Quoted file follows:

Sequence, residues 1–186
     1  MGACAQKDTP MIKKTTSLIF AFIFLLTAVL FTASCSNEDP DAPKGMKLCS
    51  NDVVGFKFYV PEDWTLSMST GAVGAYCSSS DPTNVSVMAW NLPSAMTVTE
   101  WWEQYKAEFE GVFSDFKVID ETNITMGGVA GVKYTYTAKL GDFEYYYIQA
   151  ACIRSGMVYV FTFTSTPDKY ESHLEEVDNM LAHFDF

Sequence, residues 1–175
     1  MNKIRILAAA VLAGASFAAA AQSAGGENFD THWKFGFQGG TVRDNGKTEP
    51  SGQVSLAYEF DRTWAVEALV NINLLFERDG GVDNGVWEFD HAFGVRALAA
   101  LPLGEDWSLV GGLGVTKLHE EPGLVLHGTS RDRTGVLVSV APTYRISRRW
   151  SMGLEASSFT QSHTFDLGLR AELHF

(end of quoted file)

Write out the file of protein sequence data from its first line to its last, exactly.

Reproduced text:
Sequence, residues 1–186
     1  MGACAQKDTP MIKKTTSLIF AFIFLLTAVL FTASCSNEDP DAPKGMKLCS
    51  NDVVGFKFYV PEDWTLSMST GAVGAYCSSS DPTNVSVMAW NLPSAMTVTE
   101  WWEQYKAEFE GVFSDFKVID ETNITMGGVA GVKYTYTAKL GDFEYYYIQA
   151  ACIRSGMVYV FTFTSTPDKY ESHLEEVDNM LAHFDF

Sequence, residues 1–175
     1  MNKIRILAAA VLAGASFAAA AQSAGGENFD THWKFGFQGG TVRDNGKTEP
    51  SGQVSLAYEF DRTWAVEALV NINLLFERDG GVDNGVWEFD HAFGVRALAA
   101  LPLGEDWSLV GGLGVTKLHE EPGLVLHGTS RDRTGVLVSV APTYRISRRW
   151  SMGLEASSFT QSHTFDLGLR AELHF